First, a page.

Most people have a love-hate relationship with their CRM system. Sales reps complain they waste hours each week doing data entry that isn’t used. Managers and execs aren’t happy when the CRM system does not reflect the actual sales pipeline, making accurate revenue forecasting impossible.
It comes down to aligning expectations, processes, and resources.
Your CRM system becomes a beast once you have numerous sales reps and other customer-facing staff using the CRM system. It normally needs to connect to other business software, such as ERP systems and email or marketing automation platforms. Each system pushes and pulls data, and people are always changing jobs.
The more you expect out of your CRM system the more you need to feed the machine. Even the most basic implementations require update processes or the contact data quickly becomes stale. This takes planning, processes, and defining responsibilities.
When planning a new CRM system, create an implementation timeline that starts with importing clean, accurate data into the system and put the processes in place to keep it accurate. Get this running smoothly before moving on to more sophisticated use cases. There’s nothing more frustrating, difficult to fix, and ultimately useless than layering complex data on top of inaccurate data.
Managing Your Customer Contact Data
Every CRM system implementation starts here whether you have any immediate goals or not.
Frequently when a company decides to implement a CRM system they want to jump straight to implementing and managing sales processes. You can do that, but if you don’t start with clean data you’ll likely soon be backpedaling and trying to clean up junk data in your CRM system while maintaining the data your sales team has put into the system.
Basic features: Contact management, Task Management
Implementing Sales Processes
Ultimately your CRM system needs to help sales reps work more effectively and close more accounts. Try to limit data that sales reps input to information that will help them improve their customer relationships and followup.
There are two reasons for this:
- Your main goal is to improve sales performance so you want them to use there time effectively.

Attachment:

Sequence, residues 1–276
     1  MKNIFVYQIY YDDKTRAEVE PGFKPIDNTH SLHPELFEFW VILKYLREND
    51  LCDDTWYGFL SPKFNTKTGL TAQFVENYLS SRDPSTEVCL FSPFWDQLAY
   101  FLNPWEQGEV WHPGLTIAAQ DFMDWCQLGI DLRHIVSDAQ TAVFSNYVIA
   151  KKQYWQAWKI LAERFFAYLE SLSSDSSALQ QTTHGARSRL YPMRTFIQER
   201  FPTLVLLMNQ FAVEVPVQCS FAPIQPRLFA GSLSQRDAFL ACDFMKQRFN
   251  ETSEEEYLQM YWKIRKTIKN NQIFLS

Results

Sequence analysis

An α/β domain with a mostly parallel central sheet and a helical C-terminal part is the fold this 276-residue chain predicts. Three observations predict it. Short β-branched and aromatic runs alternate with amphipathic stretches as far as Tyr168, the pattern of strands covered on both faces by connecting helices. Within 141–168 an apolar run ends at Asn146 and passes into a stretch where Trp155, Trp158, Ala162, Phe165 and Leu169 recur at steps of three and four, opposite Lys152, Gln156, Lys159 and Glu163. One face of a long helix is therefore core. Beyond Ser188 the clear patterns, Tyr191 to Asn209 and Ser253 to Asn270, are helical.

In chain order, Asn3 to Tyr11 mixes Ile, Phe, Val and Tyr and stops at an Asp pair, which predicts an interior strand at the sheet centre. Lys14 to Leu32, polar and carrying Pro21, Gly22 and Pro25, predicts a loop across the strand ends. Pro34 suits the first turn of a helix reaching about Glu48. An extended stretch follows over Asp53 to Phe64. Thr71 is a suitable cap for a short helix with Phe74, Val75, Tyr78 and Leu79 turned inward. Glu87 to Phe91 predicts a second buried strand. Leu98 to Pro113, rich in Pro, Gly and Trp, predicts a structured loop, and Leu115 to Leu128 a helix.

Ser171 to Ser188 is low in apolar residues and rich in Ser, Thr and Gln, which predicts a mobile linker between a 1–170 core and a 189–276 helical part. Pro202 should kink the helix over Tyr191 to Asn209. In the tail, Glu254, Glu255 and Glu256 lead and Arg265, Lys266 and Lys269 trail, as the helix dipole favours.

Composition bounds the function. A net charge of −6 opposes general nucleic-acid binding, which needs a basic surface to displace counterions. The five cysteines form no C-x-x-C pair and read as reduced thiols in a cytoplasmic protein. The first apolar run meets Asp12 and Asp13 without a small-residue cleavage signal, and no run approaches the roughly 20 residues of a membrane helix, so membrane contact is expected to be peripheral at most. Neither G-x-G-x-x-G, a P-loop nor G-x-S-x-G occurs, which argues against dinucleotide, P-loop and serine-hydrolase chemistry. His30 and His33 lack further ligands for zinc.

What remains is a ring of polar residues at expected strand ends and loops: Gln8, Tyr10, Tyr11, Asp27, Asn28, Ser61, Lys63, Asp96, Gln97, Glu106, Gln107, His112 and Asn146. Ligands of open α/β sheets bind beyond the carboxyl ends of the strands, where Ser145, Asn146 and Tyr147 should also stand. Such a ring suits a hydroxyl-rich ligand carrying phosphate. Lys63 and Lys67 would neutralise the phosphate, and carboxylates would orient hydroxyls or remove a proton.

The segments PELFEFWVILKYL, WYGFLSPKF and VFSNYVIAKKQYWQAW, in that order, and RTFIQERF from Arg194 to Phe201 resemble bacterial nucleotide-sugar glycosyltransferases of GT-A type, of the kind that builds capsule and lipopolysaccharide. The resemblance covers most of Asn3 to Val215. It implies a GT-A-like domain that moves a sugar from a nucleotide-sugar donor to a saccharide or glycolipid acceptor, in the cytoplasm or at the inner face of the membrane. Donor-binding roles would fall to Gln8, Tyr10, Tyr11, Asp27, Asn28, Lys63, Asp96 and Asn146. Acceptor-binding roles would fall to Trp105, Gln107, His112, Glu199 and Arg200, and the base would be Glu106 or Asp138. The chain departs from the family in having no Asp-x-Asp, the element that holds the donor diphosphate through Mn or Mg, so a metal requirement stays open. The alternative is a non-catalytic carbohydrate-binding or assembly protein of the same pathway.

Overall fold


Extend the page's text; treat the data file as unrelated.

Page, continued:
- Sales reps will fear the CRM system will suck up a lot of their time and provide little value to them.
Especially during initial implementation, limit their data entry requirements to those things that will directly improve their sales effectiveness.
At the most basic level, sales reps can add notes and schedule reminders to follow up with prospects at a pre-determined date.
The CRM system is also used to manage opportunities and track progress towards closing deals.
As you get more sophisticated, workflows can be added that create pre-determined communications over time. These workflows can be a combination of sales rep emails and phone calls or other marketing touches such as direct mail.
Once you have clean data in place to can add data that allow you to make your marketing messages more relevant to customers and prospects.
There are two ways to do this… segment your contacts and send messages, or modify dynamic content within a message, to make it more relevant.
The other way is to personalize messages based on data in your CRM system.
Two ways to deliver these segmented or personalized messages are using email or marketing automation platforms, or direct mail.
Revenue Forecasting and Financial Management
CRM systems initially were focused on executives to give them better visibility on sales pipeline and revenue projections. Sales reps entered data that provided visibility on their pipelines and sales activity. Improving sales effectiveness was almost an afterthought.
While more focus is being put on increasing sales rep effectiveness, this does not diminish the value of providing visibility on sales pipelines and using the sum of all pipelines to make financial projections.
Regardless of how complex your CRM needs are, when implementing a CRM system start slowly and take the time to import accurate customer and contact data and to establish processes to keep the data accurate.